- REDIRECT Template:Baseball year and the World Series against the New York Yankees in 1961. During his career he powered six home runs off of Hall of Fame pitcher Juan Marichal. He led the NL in intentional walks in 1965 & 1966 (25 & 18, respectively). He was voted into the Cincinnati Reds Hall of Fame in 1981.
- REDIRECT Template:Baseball year, Cárdenas was sentenced to three months in jail and five years' probation for felony assault after breaking out the windows of a car that his wife and a male co-worker were sitting in, and breaking the man's arm with a bat.
- "Bullets Fly & Game is Cancelled". Gettysburg Times. July 27, 1959.
- Red Thisted & Lou Chapman (December 17, 1960). "Braves Get McMillan in Three-Way Deal". The Milwaukee Sentinel.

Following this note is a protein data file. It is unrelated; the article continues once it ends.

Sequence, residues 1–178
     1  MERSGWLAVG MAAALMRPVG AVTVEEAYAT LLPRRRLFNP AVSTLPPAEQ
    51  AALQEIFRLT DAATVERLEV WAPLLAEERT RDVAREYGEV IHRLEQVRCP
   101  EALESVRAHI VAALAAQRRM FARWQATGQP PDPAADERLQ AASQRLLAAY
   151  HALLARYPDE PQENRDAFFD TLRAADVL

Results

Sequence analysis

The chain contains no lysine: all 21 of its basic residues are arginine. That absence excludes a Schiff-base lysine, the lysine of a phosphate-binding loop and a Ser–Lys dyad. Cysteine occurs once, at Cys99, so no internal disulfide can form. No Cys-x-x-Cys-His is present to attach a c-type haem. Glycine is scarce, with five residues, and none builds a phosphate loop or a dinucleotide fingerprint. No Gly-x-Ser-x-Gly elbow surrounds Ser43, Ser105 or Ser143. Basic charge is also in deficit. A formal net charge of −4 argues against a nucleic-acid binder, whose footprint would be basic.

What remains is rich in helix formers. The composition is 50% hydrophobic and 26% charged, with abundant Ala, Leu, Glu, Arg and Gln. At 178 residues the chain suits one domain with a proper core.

- Fred Hutchinson (February 1, 1961). "Adding Freese and Jay Should Help Cincinnati". St. Petersburg Times.
- "1966 Major League Baseball All-Star Game". Baseball-Reference.com. July 12, 1966.
- Mike Rathet (June 6, 1966). "Cárdenas, Stargell Find Hitting Range". The Tuscaloosa News.
- "Leo Cárdenas". Cincinnati Reds Hall of Fame & Museum. Class of 1981. Check date values in:
- "Cincinnati Gets Pitcher Merritt". Reading Eagle. November 24, 1968.
- "1971 Major League Baseball All-Star Game". Baseball-Reference.com. July 13, 1971.
- Ken Rappoport (December 1, 1971). "Dalton Trades Dave LaRoche for Cardenas". The Nashua Telegraph.
- "Cardenas Goes to Indians". The Portsmouth Times. April 3, 1973.
- "Cleveland Indians 10, Kansas City Royals 4". Baseball-Reference.com. August 16, 1973.
- "Ken Suarez Files Suit". Bangor Daily News. March 1, 1974.
- John Erardi (October 27, 2002). "Cardenas mastered baseball; now, life is a different story". The Cincinnati Enquirer.
- Dan Horn (March 28, 1998). "Former Reds Star Hits Low Point". The Bowling Green, Kentucky Daily News.
- Kevin Pierson (June 25, 2009). "Cardenas a fixture at Reds Legends baseball camp". Parkersburg News and Sentinel.
- Career statistics and player information from MLB, or ESPN, or Baseball-Reference, or Fangraphs, or The Baseball Cube, or Baseball-Reference (Minors)